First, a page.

Sunday, April 24, 2011

Out Of The Gate


Out of the Gate



My bike was a pony once.
Lacking all originality,
I called her Buttermilk, after
Dale Evans’ fairy buckskin,
but after all, I was only
eight.

We rode the trails of north chicago
cantered through long-armed elm-roofed tunnels,
barely escaping their scrabbling fingers,
across acres of glass-strewn treacherous
desert concrete, along the weedy mountain ridge 
of the el. She picked her way with intelligent care, 
one delicate black hoof after the other
through the perilous car-infested rapids
of sheridan road.

Wherever we roamed on that big range
she never let me down.
She stayed like a quarterhorse
when I dropped the reins
and ran like a thoroughbred out of the gate
when I raced her with Donny
whose bike had no name at all.

Now I’m on a new pony, waiting
at the gate, under a leafless roof
looking down the long stretch,
sitting slumped in the saddle
surrounded by fences,
no legs to pump the peddles
but, still…

I wonder how fast
she can go?


April 2011



Posted for OneShootSunday at the inimitable OneStopPoetry 


Title Image: Photo by Greg Laychak




21 comments:

  1. I SO LOVE THIS ONE!!!! Love the remembvered freedom and speed of childhood, atop one's steed. And, being hampered at the moment by an under-functioning leg, I just love the wondering at the end, still, about "how fast she can go?" I have seen so many silver heads in wheelchairs, traveling in their memories back to faster-moving days. This is just lovely and heart-lifting. And also SEES the person in the wheelchair as a person. Thank you so much!

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  2. What a great imaginative ride! So very creative, yet oh so sad. Though I must admit, the title under the pic made me chuckle. Anyway, I particulary like when you combine imagery and melody, such as
    "She stayed like a quarterhorse
    when I dropped the reins
    and ran like a thoroughbred out of the gate"
    Smooth and vivid. Awesome, JA.

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  3. delightful, darlin. all steeds should have a name. i saw a little gal yesterday with a very cool pink bike. she's havin all the fun, i think...

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  4. nice hedge...love how you take that early life and then bring it into now...trading horses yet still got a little spunk...race it!

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  5. Great take on the prompt. I still wonder how fast they can go...even when I'm not driving them. Years of racecars under my feet and five in the floor ready to zooom. Thanks Joy and Happy Easter.

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  6. Giddy Up!!!

    Happy Easter JA...

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  7. Absolutely gorgeous, Joy. Thank you for transcending this abysmal prompt for an Easter Sunday, and bringing so much light to it. As a veteran of a wheelchair universe I can tell you that we have inner lives. xxxj

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  8. I love your take on the picture!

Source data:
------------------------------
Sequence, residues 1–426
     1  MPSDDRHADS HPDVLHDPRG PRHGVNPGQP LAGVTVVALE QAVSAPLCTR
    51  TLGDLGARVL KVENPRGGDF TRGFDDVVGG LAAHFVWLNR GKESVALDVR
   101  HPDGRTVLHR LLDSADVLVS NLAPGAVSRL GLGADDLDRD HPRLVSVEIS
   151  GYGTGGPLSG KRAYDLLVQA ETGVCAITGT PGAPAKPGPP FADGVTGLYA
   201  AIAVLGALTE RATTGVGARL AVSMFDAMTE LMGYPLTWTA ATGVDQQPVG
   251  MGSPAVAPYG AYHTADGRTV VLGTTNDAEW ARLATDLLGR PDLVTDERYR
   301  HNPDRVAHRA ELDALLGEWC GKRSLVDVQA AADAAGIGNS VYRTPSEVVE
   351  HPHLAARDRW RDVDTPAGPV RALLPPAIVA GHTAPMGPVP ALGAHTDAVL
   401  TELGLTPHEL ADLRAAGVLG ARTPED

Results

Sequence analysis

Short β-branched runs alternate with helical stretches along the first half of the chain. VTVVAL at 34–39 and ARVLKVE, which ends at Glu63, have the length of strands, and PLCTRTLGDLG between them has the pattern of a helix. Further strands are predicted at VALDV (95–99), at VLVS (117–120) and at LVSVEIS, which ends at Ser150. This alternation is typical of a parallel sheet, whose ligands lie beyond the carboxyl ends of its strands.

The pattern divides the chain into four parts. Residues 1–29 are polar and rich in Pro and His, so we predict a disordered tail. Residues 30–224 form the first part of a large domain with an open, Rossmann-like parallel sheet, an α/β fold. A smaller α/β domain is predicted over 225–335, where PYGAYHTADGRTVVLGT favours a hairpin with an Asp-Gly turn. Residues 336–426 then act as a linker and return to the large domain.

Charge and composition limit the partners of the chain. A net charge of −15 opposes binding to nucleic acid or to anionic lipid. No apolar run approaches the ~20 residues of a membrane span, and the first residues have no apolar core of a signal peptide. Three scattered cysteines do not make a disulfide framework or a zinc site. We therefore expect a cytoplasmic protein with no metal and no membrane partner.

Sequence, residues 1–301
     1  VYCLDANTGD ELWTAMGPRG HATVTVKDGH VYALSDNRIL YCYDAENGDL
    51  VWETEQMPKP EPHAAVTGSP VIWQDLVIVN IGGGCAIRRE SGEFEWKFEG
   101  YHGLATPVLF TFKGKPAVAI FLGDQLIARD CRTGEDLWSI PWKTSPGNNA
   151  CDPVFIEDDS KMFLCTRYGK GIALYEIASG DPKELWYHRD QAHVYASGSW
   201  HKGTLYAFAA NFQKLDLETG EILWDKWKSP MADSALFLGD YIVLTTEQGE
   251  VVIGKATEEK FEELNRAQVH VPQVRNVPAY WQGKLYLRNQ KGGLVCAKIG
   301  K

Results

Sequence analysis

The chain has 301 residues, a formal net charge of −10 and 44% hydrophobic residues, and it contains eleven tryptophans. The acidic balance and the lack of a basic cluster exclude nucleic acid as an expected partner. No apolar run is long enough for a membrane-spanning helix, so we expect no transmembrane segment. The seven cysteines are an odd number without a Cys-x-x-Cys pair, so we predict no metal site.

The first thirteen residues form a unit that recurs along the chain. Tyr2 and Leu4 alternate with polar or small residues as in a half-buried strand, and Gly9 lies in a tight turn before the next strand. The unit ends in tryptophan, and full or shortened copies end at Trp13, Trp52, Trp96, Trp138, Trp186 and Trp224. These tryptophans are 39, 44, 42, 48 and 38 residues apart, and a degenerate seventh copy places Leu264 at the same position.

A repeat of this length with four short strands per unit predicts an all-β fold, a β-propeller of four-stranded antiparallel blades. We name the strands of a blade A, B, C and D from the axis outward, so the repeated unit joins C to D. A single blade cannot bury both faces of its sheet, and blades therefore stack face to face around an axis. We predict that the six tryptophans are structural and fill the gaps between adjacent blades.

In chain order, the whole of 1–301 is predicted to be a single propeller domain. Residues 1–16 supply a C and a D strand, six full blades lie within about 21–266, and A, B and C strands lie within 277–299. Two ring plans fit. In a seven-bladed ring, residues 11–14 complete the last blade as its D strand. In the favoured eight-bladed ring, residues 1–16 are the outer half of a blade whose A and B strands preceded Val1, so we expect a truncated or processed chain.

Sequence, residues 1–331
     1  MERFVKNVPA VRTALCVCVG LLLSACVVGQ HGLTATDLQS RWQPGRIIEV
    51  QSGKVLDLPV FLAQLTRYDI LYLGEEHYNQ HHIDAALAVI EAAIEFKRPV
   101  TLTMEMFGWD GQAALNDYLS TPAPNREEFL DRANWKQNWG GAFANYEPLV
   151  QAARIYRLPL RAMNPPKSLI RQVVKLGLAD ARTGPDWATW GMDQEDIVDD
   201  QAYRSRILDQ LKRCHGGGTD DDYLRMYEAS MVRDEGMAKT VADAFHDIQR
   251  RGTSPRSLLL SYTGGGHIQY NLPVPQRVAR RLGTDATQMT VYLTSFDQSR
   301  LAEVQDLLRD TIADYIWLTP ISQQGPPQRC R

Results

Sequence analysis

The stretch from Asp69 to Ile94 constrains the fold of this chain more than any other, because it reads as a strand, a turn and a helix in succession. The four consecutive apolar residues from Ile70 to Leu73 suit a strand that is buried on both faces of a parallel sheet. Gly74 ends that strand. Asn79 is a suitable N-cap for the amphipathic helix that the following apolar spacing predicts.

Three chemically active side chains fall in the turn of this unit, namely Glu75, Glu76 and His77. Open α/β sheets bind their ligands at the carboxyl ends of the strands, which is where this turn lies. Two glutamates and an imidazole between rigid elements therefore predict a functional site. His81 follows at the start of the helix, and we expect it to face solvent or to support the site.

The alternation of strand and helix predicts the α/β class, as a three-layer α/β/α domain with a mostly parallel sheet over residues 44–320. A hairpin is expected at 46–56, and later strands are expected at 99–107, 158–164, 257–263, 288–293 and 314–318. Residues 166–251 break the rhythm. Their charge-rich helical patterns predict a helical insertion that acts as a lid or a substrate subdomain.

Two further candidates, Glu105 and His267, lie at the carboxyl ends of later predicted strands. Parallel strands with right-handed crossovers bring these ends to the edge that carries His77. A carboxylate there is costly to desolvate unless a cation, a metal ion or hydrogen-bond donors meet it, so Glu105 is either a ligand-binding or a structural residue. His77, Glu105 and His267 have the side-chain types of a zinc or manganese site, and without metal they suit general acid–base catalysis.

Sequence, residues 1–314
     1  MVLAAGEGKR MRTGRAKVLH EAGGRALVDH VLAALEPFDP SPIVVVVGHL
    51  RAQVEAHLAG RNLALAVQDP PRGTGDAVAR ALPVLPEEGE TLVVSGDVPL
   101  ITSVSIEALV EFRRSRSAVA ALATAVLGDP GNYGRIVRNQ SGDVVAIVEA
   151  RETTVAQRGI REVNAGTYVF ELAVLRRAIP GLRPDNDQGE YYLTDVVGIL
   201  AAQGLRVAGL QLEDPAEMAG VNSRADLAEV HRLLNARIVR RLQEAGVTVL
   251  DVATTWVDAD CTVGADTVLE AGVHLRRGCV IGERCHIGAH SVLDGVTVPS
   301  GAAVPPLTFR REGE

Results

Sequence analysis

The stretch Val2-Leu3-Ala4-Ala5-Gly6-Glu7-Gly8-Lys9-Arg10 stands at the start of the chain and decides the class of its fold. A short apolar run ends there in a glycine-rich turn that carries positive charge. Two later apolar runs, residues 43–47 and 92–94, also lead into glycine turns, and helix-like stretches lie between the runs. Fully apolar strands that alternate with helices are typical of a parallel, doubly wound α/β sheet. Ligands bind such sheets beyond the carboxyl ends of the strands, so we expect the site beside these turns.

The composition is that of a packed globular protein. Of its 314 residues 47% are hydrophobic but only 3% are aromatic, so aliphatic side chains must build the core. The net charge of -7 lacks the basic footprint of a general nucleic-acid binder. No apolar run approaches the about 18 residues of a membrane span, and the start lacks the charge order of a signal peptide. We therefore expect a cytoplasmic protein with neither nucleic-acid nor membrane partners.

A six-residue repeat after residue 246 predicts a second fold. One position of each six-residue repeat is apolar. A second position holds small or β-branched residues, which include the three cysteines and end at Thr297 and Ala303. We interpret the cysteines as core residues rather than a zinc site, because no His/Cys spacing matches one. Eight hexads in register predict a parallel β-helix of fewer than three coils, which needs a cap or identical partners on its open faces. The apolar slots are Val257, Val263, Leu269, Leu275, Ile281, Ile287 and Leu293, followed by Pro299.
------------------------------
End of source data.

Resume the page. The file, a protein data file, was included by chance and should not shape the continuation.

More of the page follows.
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  9. i love the bike called buttermilk (my daughter's bike has also a name..and she's 20 now...) and that you blend in the memories of the youth and you lighten it up with these last two lines...some of the old ladies can go quite fast still...

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  10. Beautiful description, "..cantered through long-armed elm-roofed tunnels.." And a great ending!

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  11. I love the vibe! I think this is the last one I am reading tonight!
    Cheers
    Padmavani

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  12. oh, so love this...I often hope that I shall have that spunk when all the fire is supposed to be gone... "I wonder how fast / she can go?" absolutely, fabulous end!

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  13. Wonderful piece... love the pull of the open range, cantering beneath the long forgotten soul.

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  14. Poignant and moving. A very creative response to what was a challenging prompt.

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  15. James Hillman suggests we are born like acorns, with our life's fullness and fate intact from first yowl and fart. The forms may change - trike, wheelchair -- but the gallop's the same. I think i got my early-morning habit from bolting from bed to go watch "Roy Rogers" on our TV in Winnetka. Rode in a tricycle train in pre-school, Tonto to some other kid who was Roy Rogers. Dale so heartbreakingly pretty on her white horse, the Rhiannon I've chased all these years only to find she was looking for me. Rock n roll was a gallop, writing is a gallop (astride a sea-horse), dying too will be a gallop down eternal Happy Trails .... Loved the narrative style of of this poem, sticking to the story, eschewing poetic formalities. You got me there .... Brendan

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  16. So empowering. Also, Chicago as wilderness is fantastic. May we all ride our bike ponies into the sunset as fast as our legs can pedal.

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  17. Wonderful to hold on to that imagination- nice one!

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  18. A rare dream - kids don't imagine this anymore, but we still can...

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  19. Love the spirit and execution of this.

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'Poetry is an echo asking a shadow to dance' ~Carl Sandburg